Hi, all! Just letting you know about a great online event put together by a colleague of mine. Please tune in for Suzanne’s site reopening on Thursday, October 31, 2013 at www.suzannestroh.com.
A writer’s life is simple. We go through our daily lives in the flow, letting life flow through us. I write every day. I get up early in the morning. Feed the newly adopted rescue. Put up the coffee, get some cereal, and sit down on the couch and just let the words and ideas and connections flow. I rarely, almost never, have writer’s block and am as happy as a clam just being able to have the time to get my thoughts and impressions down on paper. Writers — contrary to what many may think — do not necessarily lead glamorous lives (although some may). Generally we simply sit down (now with our computers and tablets) and go to work. It little matters whether we get paid. Although we do want to get paid for our work, that we write is the main thing — to get our ideas out there and let our audiences come as they may if they have an interest and like what we say and how we say it. So, for now, that’s my writer’s life. How about yours?
Every Spring, without fail, this tree puts out for all to see.
As a writer I am incredibly grateful that I can take a break from being chained to the computer to enjoy these early spring days when things are just beginning to put out flowers. I don’t even mind my allergies kicking into full gear because beauty is the inspiration that drives this writing engine.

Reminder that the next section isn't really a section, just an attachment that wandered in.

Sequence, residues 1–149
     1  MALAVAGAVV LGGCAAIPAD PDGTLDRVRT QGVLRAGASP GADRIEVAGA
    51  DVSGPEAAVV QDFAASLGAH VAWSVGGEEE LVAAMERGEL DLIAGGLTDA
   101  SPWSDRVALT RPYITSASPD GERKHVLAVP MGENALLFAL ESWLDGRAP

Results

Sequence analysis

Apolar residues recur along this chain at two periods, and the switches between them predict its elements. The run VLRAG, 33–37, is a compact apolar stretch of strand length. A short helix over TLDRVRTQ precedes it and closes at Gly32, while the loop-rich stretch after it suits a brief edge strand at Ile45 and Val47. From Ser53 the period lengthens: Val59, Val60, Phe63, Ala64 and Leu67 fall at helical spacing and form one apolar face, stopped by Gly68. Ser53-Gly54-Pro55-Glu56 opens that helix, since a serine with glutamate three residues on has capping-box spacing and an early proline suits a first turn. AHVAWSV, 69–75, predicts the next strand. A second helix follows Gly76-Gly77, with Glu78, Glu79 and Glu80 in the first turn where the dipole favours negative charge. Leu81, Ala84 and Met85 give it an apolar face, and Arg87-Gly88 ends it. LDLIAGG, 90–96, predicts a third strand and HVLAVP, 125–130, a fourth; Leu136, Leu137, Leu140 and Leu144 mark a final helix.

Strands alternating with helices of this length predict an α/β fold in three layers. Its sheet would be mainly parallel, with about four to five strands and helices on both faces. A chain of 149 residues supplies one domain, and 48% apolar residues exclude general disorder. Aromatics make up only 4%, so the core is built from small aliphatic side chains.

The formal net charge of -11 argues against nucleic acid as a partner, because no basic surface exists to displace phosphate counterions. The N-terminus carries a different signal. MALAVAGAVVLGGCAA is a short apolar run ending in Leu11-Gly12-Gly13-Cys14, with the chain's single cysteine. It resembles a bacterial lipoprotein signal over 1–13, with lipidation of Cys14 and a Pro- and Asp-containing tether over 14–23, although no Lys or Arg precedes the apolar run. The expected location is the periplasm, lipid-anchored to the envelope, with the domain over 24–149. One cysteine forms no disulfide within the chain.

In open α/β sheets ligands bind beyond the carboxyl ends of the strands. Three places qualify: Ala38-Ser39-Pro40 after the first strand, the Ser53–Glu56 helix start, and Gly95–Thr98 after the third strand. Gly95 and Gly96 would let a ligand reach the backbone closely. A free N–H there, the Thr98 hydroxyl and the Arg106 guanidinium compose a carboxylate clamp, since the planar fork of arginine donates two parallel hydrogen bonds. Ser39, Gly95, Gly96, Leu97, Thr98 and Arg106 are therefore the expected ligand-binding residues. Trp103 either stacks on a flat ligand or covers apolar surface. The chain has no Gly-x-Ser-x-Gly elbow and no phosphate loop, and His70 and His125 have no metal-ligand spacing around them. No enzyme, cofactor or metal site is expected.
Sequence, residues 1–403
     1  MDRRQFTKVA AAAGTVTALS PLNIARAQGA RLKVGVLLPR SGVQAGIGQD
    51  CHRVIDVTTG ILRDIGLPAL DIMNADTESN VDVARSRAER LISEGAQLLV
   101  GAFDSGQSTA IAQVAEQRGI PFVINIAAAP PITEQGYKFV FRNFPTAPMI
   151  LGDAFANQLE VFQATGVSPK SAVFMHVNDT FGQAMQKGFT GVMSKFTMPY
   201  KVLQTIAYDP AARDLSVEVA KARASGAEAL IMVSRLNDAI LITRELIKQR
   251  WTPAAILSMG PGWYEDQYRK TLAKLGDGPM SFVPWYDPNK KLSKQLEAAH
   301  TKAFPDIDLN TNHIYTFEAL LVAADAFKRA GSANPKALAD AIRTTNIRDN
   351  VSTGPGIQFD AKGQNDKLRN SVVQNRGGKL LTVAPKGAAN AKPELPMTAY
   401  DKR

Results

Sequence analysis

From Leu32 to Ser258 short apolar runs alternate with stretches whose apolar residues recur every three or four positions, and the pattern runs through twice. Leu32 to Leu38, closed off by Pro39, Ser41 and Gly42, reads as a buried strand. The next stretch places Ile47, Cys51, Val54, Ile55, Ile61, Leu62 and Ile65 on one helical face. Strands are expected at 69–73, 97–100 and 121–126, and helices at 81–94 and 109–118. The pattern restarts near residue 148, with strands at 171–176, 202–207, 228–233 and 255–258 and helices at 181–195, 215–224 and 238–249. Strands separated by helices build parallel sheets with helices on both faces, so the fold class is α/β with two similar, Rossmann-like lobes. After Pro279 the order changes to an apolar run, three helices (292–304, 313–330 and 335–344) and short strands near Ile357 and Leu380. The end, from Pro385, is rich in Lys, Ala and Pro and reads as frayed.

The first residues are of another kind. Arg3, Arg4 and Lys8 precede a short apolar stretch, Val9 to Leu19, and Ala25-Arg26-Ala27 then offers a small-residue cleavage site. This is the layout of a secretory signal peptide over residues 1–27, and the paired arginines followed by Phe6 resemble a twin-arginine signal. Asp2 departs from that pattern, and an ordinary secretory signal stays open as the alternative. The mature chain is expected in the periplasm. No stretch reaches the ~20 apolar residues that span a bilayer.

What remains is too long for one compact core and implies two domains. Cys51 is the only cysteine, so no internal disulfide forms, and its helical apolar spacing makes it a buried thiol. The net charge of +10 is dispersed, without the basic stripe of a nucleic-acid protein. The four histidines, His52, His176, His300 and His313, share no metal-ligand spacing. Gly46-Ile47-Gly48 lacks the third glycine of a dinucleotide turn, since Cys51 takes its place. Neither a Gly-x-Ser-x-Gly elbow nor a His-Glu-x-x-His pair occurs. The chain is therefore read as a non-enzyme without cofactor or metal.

Take a break, get out, and smell the flowers.
Take in the beauty. It’s still free.
This page is dedicated to the lesbian expatriate artist Romaine Goddard Brooks (1874-1970). Brooks was the epitome of style and could give most fashion designers today cards and spades when it comes to understated elegance. She designed her own man-tailored clothinge and made everything in her life according to her singular tastes.
I am going to be presenting a talk on Romaine’s relationship with adventurer, man of letters and womanizer, Gabriele d’Annunzio, on Saturday. This takes place in Las Vegas at the Women and Fascism panel of the Modern Studies Association. I was invited by author Barbara Wills whose recent book Unlikely Collaboration: Gertrude Stein, Bernard Fay, and the Vichy Dilemma has created a great stir among those devoted to feminist and queer studies, as well as among admirers of Stein’s modernism.
My own presentation deals with Romaine Brooks’ queer heroic portraits of women. I have written a couple of articles on these but this will be my first dedicated presentation detailing, however briefly, the connection between Romaine Brooks and Gabriele d’Annunzio and the impact that relationship had on her signature style.
Hi, all, and welcome to the new CassandraLanger.com!
At last I have finished the draft manuscript for my Romaine Brooks book. I await editorial comments and am finalizing the manuscript to send to my agent. If all goes well, she will be pitching it in September. You can look forward to seeing the book sometime in 2015.
On the art-critic-and-book-reviewer front, my reviews of Joan Schenkar’s The Talented Miss Highsmith and Bette Davis: Larger than Life by Richard Schickel and George Perry are out from The Gay & Lesbian Review. I’m happy with them both. It was a lot of work, but I had fun reading both books.
Upcoming will be my Barbara Hammer interview, which will be out in time for Barbara’s retrospective opening in September at the Museum of Modern Art in NYC. After New York that show will be traveling to other venues, including the Tate on the other side of the pond in London. I’ll follow that up with a piece on recently retired poet Laureate (2008-2010) Kay Ryan for The Gay & Lesbian Review. All in all, a lot of good and productive work!